What is Oil?
Oil, otherwise known as ‘petroleum or crude oil’, is a thick black liquid composed primarily of hydrogen and carbon. Oil also contains trace elements of sulphur, nitrogen and oxygen.1
Today’s oil deposits were formed millions of years ago, when dead marine organisms sunk to the bottom of the ocean and were buried under deposits of sedimentary rock. Subject to intense heat and pressure, these organisms underwent a transformation in which they were converted to oil over millions of years. 2 This process is similar to the process of natural gas formation, however oil forms under a limited range of temperatures while natural gas forms under a wider range. This limited range of temperatures is called the ‘oil window’. 3
Oil is found in specific underground rocks called reservoirs. The rocks have tiny spaces in them that allow them to hold water, natural gas and/or oil. Impermeable rocks called cap rocks surround the reservoir and trap oil in its place.4
Through exploratory activities such as seismic, well sampling, and subsurface mapping, geoscientists locate sites for oil drilling.
Oil is extracted from the reservoir by drilling a well and pumping it up the well. Once recovered, oil is transported by pipeline, ship, rail, or truck to a refinery where it undergoes a complex process that produces petroleum products such as gasoline, diesel, jet-fuel, home-heating fuel, lubricating oil and asphalt along with petrochemicals that are used to make common products such as plastic, drugs, synthetic fiber, soap and paint. Approximately 71 percent of global oil consumption is used to produce fuel to power transportation systems.5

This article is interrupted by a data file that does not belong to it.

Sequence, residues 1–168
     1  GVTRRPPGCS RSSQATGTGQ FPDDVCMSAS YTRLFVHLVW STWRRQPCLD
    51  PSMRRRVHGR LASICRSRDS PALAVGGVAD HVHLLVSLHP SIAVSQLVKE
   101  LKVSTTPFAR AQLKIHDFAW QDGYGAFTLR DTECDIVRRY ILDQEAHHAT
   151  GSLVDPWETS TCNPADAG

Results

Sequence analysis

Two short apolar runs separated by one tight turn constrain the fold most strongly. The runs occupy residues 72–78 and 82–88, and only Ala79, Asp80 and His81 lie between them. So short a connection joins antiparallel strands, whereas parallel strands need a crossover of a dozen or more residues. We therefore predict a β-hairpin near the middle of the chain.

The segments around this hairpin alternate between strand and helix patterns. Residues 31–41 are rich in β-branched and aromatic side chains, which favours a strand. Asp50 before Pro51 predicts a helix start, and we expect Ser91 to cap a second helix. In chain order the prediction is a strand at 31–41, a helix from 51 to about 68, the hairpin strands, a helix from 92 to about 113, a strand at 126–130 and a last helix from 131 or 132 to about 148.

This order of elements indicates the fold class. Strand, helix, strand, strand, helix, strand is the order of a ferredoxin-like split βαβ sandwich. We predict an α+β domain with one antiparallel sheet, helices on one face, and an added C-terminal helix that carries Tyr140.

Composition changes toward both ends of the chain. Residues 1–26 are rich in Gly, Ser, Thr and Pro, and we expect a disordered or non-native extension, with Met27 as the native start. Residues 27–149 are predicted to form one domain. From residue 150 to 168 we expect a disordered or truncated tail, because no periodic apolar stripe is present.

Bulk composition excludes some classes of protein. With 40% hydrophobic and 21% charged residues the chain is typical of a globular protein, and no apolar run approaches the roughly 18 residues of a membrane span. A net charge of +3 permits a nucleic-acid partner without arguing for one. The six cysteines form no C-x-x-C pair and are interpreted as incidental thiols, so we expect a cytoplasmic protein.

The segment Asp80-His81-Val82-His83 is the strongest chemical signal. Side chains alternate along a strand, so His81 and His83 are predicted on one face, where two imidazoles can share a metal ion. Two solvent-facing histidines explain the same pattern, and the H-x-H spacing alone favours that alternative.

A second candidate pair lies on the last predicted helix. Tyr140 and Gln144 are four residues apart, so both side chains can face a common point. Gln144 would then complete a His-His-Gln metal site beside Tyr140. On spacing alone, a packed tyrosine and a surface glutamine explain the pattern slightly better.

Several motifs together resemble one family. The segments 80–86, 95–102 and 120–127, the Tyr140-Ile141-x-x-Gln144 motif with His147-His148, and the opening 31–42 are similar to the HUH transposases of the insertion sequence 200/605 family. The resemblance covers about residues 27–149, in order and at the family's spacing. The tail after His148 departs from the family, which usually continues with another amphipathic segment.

Oil is a relatively abundant but is a non-renewable resource. Supplies of conventional oil have been decreasing steadily, making unconventional production more common.
Oil’s benefits include its high energy density and versatility. Oil is used to produce products like transport fuels and many other common products. While all these products are important to global society, approximately 71% of global oil consumption is used to enable transportation systems.
The production and use of oil also come with many social and environmental challenges. Producing oil causes land-disturbance sometimes in environmentally sensitive areas, although this varies greatly depending on the production techniques used. The world’s oil-powered transportation systems contribute significantly to global greenhouse gas emissions and climate change. Additionally, control and trade of oil resources present many geopolitical tensions between nations and, on a more local level, between stakeholder groups and communities.
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